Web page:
Can You Collect eBooks?

(This article only discusses two platforms: Goodreads and Amazon. I’m sure other platforms are similar.)

The short answer is, yes. Goodreads has quite an extensive list of ‘readers’ that have hundreds, if not thousands, of electronic books in their ‘to read’ list. Like most new authors, I joined Goodreads in the hope of reaching a group of readers. Initially, I was happy to use their platform and even believe they can make it better. However, with Goodreads I couldn’t make a dime directly from their website. I reluctantly removed myself from Goodreads after they answered a question I posed. I asked them how someone can have that many books on their read list and their answer essentially was, if you’re on lists it boosts your exposure. Unfortunately, it didn’t happen for me. I’m sure Goodreads would say its my fault for not garnering tons of followers or not using all their tools. That’s alright, we just weren’t a good fit. I’ll only add that libraries limit the number you may borrow along with a time limit you may keep them.

Amazon sort of does the same thing with their Kindle Unlimited program (KU), but not to the same extreme. For $9.99 monthly, you can join KU and put up to ten books at once in your account. Doesn’t seem like a lot, but you can swap them for ten more at any time whether read or not. The author also must give Amazon exclusivity (KDP Select) to their book for periods of 90 days. Say what? Hold on, it’s not as bad as it seems. In July 2015, Amazon started paying authors royalty for pages of a book that customers read. I believe it comes from the pool of money they collect for KU fees. Since its inception, the pool has been consistent and yields about a half-cent per page read. Assuming your entire book is read, and depending on the length, you may be able to do as well as selling it outright. Of course, if your book sucks….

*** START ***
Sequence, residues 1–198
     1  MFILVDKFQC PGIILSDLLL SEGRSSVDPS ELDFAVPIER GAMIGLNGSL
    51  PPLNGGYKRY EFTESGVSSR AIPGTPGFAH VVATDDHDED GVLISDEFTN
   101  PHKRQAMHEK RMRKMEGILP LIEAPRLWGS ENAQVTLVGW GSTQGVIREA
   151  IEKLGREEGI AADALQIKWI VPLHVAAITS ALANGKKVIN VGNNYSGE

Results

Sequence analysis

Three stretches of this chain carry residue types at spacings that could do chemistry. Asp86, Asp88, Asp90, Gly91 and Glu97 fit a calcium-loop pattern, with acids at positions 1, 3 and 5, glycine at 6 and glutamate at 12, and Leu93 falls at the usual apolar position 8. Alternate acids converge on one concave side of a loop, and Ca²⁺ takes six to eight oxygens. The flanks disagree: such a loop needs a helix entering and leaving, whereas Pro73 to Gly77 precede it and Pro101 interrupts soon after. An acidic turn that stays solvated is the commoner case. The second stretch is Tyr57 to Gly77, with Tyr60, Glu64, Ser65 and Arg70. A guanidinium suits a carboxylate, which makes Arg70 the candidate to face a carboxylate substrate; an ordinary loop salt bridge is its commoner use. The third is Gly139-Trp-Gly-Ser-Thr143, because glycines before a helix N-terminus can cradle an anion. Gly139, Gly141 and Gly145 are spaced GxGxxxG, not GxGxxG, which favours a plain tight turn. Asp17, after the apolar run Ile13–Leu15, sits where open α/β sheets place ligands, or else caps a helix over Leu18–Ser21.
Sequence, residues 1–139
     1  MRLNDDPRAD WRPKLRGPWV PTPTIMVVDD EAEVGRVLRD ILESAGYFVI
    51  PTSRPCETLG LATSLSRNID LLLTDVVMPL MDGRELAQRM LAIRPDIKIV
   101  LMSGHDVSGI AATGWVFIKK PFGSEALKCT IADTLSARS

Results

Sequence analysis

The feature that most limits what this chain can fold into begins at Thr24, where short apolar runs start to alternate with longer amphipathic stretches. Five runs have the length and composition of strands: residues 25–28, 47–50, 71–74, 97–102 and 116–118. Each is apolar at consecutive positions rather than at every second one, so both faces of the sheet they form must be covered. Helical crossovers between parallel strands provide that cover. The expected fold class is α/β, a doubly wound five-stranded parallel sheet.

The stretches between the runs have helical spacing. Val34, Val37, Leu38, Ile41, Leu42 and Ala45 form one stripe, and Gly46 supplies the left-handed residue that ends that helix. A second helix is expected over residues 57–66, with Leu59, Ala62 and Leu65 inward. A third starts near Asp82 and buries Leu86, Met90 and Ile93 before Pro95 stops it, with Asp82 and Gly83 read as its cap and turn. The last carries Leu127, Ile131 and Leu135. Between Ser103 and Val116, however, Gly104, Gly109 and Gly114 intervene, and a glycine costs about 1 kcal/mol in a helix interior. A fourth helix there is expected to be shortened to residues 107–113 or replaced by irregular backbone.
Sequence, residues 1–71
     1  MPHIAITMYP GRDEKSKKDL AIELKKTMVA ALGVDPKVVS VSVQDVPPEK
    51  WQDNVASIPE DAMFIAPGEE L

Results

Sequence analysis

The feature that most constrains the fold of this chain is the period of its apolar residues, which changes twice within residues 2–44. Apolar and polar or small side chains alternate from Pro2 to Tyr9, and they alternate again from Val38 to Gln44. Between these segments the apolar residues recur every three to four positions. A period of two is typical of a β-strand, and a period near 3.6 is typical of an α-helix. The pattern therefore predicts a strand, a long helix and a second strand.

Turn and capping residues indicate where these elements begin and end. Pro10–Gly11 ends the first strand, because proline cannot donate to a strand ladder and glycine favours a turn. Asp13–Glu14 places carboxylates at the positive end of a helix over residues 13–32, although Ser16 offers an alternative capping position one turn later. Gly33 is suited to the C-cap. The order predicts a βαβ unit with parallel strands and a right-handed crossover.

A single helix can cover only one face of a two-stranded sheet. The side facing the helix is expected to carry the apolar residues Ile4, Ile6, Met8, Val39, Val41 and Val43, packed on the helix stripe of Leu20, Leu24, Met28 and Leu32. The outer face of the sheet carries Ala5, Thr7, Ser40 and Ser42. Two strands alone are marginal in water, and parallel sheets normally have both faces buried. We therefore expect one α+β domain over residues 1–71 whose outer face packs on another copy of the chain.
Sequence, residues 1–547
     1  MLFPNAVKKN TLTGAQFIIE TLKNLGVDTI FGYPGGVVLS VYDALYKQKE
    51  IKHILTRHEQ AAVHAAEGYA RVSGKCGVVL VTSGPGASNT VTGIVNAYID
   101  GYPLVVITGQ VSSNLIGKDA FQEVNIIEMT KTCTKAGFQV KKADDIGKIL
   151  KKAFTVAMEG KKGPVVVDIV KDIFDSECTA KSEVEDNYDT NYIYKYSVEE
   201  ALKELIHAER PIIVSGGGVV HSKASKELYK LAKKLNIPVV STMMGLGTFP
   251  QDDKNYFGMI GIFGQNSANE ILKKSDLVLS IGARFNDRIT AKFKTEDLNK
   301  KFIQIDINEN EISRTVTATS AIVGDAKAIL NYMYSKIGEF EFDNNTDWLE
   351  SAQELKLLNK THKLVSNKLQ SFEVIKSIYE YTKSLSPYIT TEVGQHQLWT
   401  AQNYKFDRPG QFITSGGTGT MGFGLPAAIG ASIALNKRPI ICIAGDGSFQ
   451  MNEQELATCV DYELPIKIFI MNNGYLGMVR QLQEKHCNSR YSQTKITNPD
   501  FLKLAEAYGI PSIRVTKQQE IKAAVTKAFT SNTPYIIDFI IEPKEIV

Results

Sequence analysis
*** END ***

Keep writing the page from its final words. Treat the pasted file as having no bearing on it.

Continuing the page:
Why are so many people collecting eBooks? Mostly, because they’re FREE. Did I say that nasty word? FREE can have advantages if you have more than one of something to give. The premise is to give one free in the hope of selling the other. I call it GOBO (get one free and buy one).  Clever, huh? Maybe not so—I’ve had tremendous success giving away books. It’s the other part of GOBO that hasn’t done as well.

The experts say never has it been so important to have a great book cover and book blurb. True, but it’s a two-edged sword. A great cover also catches those trolling the word FREE, so they can put that great cover and blurb into their ‘to read’ list.

So, what’s an author to do? You can either pound your head against the wall or hope that you’re funny enough that readers say, “What the hell, I may as well give this author a shot.” So, please, my head is hurting enough.

BTW if you’re a new author and want to know if KDP Select is right for you, here is a link to a republished article written by author CJ Lyons, April 2, 2013  www.janefriedman.com/amazon-kdp-select/